What is arbitration and what does that look like as a conflict resolution process? I'm Marlene. And in today's tutorial, I'd like to take a look with you at arbitration.
Arbitration is a process that takes place outside the courts. A dispute is referred to one person or maybe several people. And this third party reviews the evidence and issues what is called an award. Now that award is a decision that is legally binding and enforceable.
So let's step back and look at the actual definition here of arbitration. Arbitration is a conflict resolution process in which a neutral party decides the outcome of a dispute between two or more parties. And once again, that decision is called an award, the decision of an arbiter or arbitration tribunal in an arbitration.
Notice the language here. We've talked about an arbiter or an arbitration tribunal. That's because the decision could be made by one or more people. So if it's one person making the decision, it's an arbiter, the conflict resolver involved in an arbitration. And if several arbiters are involved, it's an arbitration tribunal, a group of arbiters working together in an arbitration.
Now an arbiter or an arbitration tribunal may or may not be comprised of legal professionals. They don't necessarily have to be legal professionals, nor do they have to be experts in the area that the dispute is about.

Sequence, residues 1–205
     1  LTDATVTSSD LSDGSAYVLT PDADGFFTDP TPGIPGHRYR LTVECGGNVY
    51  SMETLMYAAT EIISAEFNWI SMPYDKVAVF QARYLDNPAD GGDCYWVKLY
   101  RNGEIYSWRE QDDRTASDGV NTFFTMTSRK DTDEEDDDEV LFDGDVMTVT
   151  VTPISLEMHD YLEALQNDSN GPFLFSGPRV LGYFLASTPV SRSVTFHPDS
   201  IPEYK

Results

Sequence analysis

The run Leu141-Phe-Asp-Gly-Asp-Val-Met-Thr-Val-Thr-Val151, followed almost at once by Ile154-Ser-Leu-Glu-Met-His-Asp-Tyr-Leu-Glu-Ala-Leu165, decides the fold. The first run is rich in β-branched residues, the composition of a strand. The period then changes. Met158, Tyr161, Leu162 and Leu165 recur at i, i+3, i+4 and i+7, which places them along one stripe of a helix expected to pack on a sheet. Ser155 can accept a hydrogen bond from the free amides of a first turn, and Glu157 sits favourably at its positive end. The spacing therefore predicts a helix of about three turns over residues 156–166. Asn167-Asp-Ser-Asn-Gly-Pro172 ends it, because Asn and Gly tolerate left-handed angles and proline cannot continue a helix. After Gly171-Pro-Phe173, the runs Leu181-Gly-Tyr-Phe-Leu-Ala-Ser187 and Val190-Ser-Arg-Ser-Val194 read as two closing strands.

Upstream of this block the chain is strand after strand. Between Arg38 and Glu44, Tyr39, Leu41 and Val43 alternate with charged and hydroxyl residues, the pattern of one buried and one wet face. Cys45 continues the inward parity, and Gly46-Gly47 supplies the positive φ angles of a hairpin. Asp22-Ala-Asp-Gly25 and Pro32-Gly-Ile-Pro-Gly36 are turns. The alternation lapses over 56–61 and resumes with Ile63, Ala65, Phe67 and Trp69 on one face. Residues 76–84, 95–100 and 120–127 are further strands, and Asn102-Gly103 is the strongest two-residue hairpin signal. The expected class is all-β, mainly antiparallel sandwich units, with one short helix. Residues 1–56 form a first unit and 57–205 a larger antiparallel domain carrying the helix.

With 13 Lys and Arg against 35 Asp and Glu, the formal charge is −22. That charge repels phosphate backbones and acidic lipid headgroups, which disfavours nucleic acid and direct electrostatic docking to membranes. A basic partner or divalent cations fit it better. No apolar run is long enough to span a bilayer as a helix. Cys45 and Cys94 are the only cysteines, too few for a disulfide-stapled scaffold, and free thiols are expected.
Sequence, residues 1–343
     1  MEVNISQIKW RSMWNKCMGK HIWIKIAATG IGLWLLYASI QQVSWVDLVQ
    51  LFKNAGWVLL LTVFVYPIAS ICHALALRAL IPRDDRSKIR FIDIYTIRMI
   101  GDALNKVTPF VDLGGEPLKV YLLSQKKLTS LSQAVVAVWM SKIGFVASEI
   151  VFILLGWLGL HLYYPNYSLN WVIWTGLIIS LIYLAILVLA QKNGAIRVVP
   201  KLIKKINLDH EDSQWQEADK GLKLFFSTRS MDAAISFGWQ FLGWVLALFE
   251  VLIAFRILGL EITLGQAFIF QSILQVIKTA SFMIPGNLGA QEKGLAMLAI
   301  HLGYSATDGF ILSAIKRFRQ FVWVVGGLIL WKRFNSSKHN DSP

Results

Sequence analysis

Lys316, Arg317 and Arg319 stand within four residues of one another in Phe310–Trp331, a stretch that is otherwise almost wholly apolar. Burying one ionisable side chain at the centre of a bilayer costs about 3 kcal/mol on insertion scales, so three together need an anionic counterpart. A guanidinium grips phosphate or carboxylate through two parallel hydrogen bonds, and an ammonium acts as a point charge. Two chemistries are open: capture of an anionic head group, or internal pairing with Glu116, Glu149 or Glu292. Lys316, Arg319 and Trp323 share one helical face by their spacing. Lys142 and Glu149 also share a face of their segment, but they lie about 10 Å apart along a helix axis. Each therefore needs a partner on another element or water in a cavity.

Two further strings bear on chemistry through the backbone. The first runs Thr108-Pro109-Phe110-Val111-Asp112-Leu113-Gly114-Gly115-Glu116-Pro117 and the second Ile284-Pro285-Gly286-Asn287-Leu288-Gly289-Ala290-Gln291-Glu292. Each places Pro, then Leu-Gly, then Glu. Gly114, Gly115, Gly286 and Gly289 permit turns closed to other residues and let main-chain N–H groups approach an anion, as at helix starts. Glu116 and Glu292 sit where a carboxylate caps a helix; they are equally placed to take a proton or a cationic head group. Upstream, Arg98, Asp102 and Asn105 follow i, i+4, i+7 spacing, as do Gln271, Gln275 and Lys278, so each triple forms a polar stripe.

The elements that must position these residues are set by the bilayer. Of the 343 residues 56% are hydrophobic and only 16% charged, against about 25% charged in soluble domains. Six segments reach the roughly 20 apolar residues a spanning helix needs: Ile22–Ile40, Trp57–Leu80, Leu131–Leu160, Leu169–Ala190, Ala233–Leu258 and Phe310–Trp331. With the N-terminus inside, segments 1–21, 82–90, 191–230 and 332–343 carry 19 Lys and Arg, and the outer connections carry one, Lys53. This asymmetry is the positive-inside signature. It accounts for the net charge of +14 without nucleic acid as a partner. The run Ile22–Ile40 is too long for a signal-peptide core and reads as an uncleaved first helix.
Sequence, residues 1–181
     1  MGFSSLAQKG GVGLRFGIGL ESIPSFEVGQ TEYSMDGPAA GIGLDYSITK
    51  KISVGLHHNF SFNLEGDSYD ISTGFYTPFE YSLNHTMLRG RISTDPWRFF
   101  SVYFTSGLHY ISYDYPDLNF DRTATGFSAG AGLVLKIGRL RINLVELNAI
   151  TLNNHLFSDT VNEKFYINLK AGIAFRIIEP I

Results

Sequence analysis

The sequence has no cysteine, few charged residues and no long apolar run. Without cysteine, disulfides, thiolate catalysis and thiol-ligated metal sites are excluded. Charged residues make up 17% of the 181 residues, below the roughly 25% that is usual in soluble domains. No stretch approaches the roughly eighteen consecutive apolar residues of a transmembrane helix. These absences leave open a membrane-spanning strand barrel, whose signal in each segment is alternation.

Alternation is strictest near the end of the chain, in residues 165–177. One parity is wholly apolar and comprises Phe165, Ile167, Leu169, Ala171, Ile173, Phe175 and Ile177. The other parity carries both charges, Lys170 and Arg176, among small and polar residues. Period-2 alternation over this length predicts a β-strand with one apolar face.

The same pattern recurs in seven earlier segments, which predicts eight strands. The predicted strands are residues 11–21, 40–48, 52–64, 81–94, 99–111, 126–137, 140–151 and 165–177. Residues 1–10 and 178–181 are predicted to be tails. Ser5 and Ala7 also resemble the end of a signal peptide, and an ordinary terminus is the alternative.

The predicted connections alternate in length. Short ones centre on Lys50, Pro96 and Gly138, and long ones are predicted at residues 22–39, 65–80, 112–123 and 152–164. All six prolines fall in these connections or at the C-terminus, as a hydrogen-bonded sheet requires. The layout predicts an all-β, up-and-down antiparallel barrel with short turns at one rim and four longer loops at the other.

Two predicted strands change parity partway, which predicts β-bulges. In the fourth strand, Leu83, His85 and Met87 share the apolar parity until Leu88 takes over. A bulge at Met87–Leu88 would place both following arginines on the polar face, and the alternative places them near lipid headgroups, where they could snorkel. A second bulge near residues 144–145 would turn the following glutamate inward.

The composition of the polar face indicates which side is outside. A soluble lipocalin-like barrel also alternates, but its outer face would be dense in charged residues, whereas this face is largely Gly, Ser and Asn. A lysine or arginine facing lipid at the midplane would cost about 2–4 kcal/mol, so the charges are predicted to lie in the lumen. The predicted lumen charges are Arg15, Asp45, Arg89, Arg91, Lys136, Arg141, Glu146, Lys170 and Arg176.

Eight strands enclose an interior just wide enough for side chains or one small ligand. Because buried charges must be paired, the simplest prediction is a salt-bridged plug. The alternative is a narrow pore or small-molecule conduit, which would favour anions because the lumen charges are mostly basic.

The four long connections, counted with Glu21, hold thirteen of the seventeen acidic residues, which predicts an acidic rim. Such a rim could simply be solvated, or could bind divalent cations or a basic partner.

So a number of businesses in particular in the US find that they like to use arbitration as a method of resolving conflicts. For one thing, if it's a very technical dispute, the arbiter doesn't necessarily have to be technical. You can't choose an arbiter for their technical knowledge any more than you could choose a judge in a court system. And also arbitration is many times faster. It's cheaper. There is more flexibility. And very importantly, it's non-public so businesses can keep this confidential.
Now there have been some issues raised around the use of arbitration in some cases. For example, with credit card companies, there have been some issues raised because as part of the transaction, a party may be required to give up their right to a court decision at a later date. And a party may find that the arbiter is being chosen for and paid for by the other party in the dispute. So that's one of the issues around arbitration that has surfaced.
In closing, I want to summarize arbitration as this process taking place outside of court with one or more parties, a neutral party. That party issues an award, which is a decision that is legally binding and enforceable. So thank you for being part of this tutorial. And I look forward to seeing you next time.